Such software is being introduced not only to enable better visual imagination of and interaction with markets, but also to help visualise new financial products; that is, the software equips the agents of global finance to better track and act in relation to the seemingly abstract movements of modern financial markets. This lecture explores how many financial agents are now turning to the latest forms of visualisation software to improve impaired vision and speculates on some of the implications of the growing place of visualisation software in the preparation and workings of some of the key global financial markets. Dr. Pryke is a senior lecturer in the Department of Geography in the Faculty of Social Sciences, at the Open University. He is an IAS Fellow during Michaelmas term 2007.

Dr Michael Pryke Publications

Pryke, M (2010) 'Money's Eyes: the visual preparation of financial markets', Economy and Society, 39(4), pp. 427-459 

Pryke, M (2007) 'Picturing Financial Markets' Business Guide, 6, pp. 48-49

Pryke, M (2008) 'Seeing Risks Amongst the Numbers: visualization and the use of qualitative techniques to quantify financial risks' International Sociological Association Conference, Barcelona, 5-9 September 2008. 



IAS Insights Paper

Abstract

Computation lies at the heart of finance, making numbers the ‘natural representation' of financial markets. While of course not displacing numbers, new techniques of visualisation that turn number into pattern are currently being explored by financial actors in an effort to make better sense of financial market developments. This paper reports on initial research into how such techniques are being developed and employed in various market settings. It begins by locating the increasing requirement for such visual techniques in the context of today's markets where financial instruments and their associated risks are increasingly entangled, thus making the task of figuring out just what is going on that much more difficult. The paper then offers a brief review of the key work to date by social scientists on visual techniques and financial markets as a way into thinking about how present techniques to re-visualise market data can also be thought of as working to shift the ‘contours of financial knowledge.' The penultimate section draws on interview material to explore the example of visualisation techniques developed recently for use in the US Treasuries markets. It sets out how the software is being designed to enable market participants to excavate key market developments visually in a search for added and valuable insights into unfolding market action, thus turning numbers into actionable knowledge. The paper ends by suggesting a number of issues to be investigated further if social scientists interested in the making and preparation of financial markets are to gain a fuller appreciation of just why, and with what consequences, there is, in contemporary financial practices, a turn to techniques of visualisation.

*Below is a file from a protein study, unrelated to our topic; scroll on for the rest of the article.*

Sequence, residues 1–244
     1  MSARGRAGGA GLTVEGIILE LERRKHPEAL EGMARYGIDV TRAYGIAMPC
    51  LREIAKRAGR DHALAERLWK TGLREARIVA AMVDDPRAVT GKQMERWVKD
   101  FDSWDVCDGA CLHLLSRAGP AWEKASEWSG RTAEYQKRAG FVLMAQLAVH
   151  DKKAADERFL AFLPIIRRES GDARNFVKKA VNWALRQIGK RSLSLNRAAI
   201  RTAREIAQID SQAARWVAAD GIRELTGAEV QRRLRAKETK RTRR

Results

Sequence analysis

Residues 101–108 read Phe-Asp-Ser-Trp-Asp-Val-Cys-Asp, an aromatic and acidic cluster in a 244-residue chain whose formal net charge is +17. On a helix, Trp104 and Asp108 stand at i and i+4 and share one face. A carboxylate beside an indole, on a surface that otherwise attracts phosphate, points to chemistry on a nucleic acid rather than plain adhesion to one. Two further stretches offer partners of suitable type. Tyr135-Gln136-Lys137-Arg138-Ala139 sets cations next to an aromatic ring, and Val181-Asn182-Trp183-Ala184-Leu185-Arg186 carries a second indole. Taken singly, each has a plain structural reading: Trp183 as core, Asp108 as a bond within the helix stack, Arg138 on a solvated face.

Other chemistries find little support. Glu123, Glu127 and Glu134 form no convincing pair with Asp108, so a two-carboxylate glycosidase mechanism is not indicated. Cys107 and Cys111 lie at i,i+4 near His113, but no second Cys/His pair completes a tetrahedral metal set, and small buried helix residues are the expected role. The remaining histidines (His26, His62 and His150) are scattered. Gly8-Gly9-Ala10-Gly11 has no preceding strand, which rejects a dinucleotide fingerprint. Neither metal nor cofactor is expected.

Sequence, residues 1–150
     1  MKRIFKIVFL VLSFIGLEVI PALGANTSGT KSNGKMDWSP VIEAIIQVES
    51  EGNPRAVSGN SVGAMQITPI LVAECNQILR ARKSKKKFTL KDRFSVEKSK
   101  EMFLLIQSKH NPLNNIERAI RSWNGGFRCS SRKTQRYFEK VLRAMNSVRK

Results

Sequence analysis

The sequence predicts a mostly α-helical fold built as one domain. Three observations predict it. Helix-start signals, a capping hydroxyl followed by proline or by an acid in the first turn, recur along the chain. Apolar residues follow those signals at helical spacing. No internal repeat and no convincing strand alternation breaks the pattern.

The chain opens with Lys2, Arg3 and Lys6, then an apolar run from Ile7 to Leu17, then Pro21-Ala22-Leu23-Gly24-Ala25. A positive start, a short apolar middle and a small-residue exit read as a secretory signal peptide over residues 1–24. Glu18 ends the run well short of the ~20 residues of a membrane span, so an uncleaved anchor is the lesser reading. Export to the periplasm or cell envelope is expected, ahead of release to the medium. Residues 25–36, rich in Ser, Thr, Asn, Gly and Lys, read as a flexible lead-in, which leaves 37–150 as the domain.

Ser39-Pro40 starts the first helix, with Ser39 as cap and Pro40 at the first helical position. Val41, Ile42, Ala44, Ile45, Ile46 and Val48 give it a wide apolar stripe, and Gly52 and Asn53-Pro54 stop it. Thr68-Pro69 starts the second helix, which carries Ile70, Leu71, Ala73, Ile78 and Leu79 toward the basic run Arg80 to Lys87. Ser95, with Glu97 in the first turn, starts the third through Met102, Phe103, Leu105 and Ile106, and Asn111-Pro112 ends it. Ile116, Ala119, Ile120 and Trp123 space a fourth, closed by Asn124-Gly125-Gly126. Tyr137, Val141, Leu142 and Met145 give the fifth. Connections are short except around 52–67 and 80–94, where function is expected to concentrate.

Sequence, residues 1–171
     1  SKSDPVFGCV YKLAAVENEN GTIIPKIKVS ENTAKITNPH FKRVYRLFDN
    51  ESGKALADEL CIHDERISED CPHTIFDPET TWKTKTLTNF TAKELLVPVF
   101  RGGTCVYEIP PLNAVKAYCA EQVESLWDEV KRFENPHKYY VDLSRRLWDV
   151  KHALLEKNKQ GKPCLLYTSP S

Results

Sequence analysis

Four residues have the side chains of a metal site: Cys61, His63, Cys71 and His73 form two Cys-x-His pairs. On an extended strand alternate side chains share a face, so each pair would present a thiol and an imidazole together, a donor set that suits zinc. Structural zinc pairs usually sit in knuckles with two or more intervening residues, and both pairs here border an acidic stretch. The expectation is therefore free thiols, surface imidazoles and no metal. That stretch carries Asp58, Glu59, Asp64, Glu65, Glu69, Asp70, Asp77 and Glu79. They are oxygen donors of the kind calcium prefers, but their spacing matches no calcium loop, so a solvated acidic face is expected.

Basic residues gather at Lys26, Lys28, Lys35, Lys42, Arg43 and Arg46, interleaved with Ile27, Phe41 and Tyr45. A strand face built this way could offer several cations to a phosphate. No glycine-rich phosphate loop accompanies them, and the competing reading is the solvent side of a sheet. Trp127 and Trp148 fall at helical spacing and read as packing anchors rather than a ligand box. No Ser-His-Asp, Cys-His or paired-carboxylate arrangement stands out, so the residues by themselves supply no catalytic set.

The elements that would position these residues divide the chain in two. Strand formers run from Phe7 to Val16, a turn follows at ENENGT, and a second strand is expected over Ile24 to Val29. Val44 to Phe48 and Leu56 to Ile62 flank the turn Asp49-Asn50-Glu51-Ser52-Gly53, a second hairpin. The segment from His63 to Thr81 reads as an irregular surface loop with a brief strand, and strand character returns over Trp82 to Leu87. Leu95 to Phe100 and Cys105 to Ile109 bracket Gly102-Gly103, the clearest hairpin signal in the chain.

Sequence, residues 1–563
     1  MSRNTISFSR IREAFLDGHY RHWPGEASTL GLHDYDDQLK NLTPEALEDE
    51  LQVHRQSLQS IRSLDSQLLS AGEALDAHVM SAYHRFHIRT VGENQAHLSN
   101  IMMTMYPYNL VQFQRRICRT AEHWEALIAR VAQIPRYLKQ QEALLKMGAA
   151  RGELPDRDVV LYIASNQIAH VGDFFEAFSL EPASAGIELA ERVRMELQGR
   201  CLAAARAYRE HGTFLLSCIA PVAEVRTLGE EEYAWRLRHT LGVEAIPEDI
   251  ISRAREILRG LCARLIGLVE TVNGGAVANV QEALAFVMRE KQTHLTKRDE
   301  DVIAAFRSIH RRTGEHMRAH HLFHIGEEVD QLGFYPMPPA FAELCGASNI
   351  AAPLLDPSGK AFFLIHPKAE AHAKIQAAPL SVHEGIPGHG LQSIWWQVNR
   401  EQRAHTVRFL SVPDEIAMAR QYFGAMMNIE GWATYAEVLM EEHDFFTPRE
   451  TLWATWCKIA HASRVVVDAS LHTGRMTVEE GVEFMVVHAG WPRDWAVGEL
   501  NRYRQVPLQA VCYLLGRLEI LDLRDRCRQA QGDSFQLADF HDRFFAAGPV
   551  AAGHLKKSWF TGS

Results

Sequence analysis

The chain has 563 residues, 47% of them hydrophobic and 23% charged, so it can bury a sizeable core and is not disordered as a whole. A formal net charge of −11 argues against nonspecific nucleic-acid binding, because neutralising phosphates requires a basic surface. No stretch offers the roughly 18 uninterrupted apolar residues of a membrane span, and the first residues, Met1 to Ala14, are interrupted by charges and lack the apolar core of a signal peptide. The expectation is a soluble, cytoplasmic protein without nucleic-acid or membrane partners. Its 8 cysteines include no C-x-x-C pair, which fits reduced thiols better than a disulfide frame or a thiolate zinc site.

Insights Paper